Example: As an intern, I used to be enthralled and amazed by all the cool perks of working at a tech company — the free food and drinks, ping pong tables, on-site gym, on-site massages, etc.
I don’t care about any of that anymore.
None of that matters if you work with bad people. Or work in a bad company culture.
I’m laughing a bit while writing this, because I remember when I used to read this and just naively and mechanically nod but not truly understand — you won’t really get what it’s like to work with bad people, until you’ve worked with great people, and can immediately tell the difference.
This was one of my biggest “interpersonal” lessons last year, in learning to work with difficult personalities, as well as learning about myself and how to approach situations and challenges where it involved people, not products.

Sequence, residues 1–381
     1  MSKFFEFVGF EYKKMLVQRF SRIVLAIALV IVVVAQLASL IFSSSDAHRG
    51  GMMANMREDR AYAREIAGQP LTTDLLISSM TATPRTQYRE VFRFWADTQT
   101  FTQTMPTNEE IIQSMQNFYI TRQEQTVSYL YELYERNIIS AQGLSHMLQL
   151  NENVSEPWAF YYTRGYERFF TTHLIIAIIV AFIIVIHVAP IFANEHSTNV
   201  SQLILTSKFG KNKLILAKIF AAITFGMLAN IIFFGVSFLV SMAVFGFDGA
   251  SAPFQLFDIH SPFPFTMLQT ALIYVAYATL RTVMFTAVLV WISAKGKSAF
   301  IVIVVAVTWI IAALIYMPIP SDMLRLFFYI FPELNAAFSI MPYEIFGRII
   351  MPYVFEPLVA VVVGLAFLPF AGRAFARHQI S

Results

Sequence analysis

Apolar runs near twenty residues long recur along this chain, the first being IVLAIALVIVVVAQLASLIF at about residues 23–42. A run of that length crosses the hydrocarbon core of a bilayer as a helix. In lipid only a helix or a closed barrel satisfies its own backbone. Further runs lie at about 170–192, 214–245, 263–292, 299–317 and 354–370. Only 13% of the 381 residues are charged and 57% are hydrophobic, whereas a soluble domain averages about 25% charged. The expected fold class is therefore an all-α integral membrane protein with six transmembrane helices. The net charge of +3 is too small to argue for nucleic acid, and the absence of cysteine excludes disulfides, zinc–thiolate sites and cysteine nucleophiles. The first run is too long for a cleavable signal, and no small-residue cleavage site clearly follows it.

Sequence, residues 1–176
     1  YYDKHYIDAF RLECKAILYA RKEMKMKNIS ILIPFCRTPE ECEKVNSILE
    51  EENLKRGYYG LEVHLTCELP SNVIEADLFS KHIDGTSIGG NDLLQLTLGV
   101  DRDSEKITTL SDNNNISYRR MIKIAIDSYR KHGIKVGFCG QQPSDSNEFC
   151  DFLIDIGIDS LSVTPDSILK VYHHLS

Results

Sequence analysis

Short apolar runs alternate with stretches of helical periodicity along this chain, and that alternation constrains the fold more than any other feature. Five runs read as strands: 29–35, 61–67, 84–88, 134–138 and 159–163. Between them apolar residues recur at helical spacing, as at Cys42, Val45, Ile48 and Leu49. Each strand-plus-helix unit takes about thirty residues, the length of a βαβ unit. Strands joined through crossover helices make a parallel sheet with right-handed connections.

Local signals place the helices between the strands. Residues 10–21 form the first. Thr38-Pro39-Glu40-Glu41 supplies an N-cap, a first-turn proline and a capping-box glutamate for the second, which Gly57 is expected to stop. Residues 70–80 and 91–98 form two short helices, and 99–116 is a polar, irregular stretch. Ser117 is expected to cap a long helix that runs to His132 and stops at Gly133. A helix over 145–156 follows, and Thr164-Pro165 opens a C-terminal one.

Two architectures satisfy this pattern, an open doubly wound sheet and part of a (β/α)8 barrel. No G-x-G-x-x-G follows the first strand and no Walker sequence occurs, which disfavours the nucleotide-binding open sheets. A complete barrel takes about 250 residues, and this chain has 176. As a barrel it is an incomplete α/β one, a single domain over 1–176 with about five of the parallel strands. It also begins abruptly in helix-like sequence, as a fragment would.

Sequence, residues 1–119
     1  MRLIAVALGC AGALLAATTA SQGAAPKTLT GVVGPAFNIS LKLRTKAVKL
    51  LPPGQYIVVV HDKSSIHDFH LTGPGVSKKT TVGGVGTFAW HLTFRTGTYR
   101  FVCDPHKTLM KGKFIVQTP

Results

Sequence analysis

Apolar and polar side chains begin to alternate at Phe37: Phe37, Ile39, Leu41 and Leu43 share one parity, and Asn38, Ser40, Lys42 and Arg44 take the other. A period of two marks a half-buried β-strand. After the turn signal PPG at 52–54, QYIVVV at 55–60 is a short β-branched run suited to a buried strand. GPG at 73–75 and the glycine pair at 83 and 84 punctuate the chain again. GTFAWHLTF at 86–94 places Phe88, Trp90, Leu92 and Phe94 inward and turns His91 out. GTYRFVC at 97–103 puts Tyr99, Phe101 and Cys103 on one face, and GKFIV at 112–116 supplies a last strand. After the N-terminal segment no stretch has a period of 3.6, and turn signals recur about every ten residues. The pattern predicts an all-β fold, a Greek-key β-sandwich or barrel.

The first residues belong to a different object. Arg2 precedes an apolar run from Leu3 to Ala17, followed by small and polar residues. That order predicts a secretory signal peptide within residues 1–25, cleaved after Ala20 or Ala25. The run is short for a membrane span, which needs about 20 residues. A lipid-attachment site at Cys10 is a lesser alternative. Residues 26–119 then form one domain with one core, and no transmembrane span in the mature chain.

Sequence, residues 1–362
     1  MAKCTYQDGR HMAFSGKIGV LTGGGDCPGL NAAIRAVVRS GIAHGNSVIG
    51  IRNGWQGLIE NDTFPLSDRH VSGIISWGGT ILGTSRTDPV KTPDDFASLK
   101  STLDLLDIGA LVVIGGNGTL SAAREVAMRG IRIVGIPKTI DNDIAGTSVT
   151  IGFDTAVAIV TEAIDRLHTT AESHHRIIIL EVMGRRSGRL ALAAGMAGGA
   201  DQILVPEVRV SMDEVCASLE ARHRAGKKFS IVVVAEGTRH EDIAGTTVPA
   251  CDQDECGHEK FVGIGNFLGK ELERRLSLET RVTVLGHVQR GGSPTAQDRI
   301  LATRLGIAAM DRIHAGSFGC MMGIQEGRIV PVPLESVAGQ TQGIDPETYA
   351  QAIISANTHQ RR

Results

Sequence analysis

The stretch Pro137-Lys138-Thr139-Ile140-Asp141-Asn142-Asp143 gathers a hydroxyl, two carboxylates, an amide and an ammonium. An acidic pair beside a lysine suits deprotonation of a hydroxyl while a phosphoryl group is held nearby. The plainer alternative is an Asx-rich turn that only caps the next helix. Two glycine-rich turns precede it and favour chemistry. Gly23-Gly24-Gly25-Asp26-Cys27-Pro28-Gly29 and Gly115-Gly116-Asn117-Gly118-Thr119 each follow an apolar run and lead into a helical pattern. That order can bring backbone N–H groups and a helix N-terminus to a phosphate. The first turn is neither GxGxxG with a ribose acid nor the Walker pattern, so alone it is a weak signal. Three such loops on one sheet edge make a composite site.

And you know what? That’s perfectly normal.
In fact, I consider myself very lucky that I have not had an experience inspired out of a Dilbert comic — or terrible startup cultures — because the people I’ve worked with have (mostly) been amazing and wonderful.
Your growth and potential is very much dependent on the caliber of people you work with. Hands down.
You’re not always going to hit 100% with amazing people all the time, but you should absolutely try your hardest and damnedest.
Don’t be a big fish in a small pond. Go to a place with smart people, and where you are definitely not the smartest person in the room.
People and culture are everything.
20. Schedule everything. Put it on your calendar. Time box it.
If it’s not on my calendar, it’s not happening.
Time box everything, don’t just create endless to-do lists.
Example: I learned this principle from Cal Newport back in college, and have used this practice ever since.